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called intellink, the oldest and deepest of them and, excuse me, and just typed in the names of anyone that they want in the administration and they would see incidental collection that is part of the national intelligence process. what they wouldn't see is targeted collection against counterintelligence targets like russians and other individuals and terrorists where they would have been in communication with them. that would not have been available to anybody. so for him to bring that out, it is just throwing chafe into the air and hoping that it distorts the entire picture. >> michael, what do you take from it? >> well, it is very hard to know because we don't know what it is nunes has seen. he's described it in different i was. he said the names were masked, which is what they were supposed to -- which is what is supposed to have happened, if it is incidental collection. in other cases, he seems to have suggested there was unmasking, which would be -- could be
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improper depending on the circumstances. there are circumstances in which you can unmask the name of incidental targets if it is central to understanding for foreign counterintelligence purposes what the conversation was all about. but since we haven't seen what nunes has said, i was struck by senator warner, the ranking democrat on the senate intelligence committee, he said he had no idea what nunes was talking about and talked to senator burr, the chairman of the senate intelligence committee and he had no idea what nunes was talking about. >> that's where it gets into a metaphysical place, governor dean. mike warner speaking about how he was mystified, this is what politicians say when they're trying to be somewhat nice. here he was on that today. >> i am totally mystified by what senator nunes has said. i talked to democrats and republicans on the committee. it is mystifying if not outrageous he makes claims, then goes down and briefs the white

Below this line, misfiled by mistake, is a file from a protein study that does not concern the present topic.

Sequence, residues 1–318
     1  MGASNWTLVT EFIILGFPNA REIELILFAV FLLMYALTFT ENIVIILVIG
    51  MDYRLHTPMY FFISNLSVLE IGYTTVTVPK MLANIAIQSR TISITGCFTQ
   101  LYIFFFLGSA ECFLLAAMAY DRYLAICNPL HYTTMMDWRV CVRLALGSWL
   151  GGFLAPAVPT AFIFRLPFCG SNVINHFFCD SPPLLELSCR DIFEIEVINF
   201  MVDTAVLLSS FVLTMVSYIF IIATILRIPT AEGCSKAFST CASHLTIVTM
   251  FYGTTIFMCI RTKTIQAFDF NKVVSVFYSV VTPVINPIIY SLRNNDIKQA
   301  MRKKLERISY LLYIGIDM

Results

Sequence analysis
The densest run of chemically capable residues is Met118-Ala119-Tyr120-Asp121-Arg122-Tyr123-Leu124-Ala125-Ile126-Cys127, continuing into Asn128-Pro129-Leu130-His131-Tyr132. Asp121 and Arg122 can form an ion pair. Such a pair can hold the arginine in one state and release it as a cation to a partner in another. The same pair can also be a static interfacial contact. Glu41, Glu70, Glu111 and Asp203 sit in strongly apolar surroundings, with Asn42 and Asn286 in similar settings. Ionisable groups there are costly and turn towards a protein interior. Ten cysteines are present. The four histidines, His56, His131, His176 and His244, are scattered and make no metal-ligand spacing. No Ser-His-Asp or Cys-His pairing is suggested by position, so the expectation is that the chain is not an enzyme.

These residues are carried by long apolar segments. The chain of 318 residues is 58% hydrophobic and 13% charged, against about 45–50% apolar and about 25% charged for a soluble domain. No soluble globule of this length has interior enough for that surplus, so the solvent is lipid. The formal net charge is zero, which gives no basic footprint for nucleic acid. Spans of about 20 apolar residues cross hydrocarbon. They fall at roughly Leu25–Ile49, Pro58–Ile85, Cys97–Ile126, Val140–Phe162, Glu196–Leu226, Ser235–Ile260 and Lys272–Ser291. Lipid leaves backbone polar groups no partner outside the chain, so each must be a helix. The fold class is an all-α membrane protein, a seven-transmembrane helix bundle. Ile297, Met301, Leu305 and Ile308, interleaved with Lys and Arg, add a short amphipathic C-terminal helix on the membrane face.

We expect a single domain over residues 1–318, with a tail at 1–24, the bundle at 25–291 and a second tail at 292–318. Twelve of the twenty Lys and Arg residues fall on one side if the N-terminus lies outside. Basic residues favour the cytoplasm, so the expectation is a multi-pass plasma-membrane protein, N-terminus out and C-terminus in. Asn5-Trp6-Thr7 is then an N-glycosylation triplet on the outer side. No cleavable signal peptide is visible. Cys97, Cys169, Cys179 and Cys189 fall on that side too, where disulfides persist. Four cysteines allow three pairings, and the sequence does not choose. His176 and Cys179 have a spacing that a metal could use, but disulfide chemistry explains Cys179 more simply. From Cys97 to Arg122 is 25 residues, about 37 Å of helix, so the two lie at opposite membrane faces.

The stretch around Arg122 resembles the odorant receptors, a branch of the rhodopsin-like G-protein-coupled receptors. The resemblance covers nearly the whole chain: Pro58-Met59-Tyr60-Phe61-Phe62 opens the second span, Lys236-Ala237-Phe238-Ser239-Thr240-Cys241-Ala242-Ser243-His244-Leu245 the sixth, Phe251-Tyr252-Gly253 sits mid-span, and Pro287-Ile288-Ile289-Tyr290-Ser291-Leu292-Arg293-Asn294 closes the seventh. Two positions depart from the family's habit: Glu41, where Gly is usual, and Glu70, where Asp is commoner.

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house, and i know adam schiff, the lead democrat, wants to keep the investigation bipartisan. i don't think mr. schiff knows today what those documents are. >> governor? >> you know, i think there is a bigger point here, that is how weak the leadership, particularly the republican leadership, has been in congress for a long time. i can remember watergate well. and nixon finally decided to resign when his own people, bob dole and others, went to him and said, mr. president, you have to resign for the good of the country. can you imagine nunes and some people doing that? i can't. they have become so partisan that the good of their party comes before the good of their country. this is a time where the country matters more than the party. and they don't seem to be able to recognize that. >> i have to agree, completely, with governor dean. i think that's the most shocking thing here. i don't understand how devin nunes stays the chair of this committee. i don't know -- i guess he presented his data or whatever it is to paul ryan.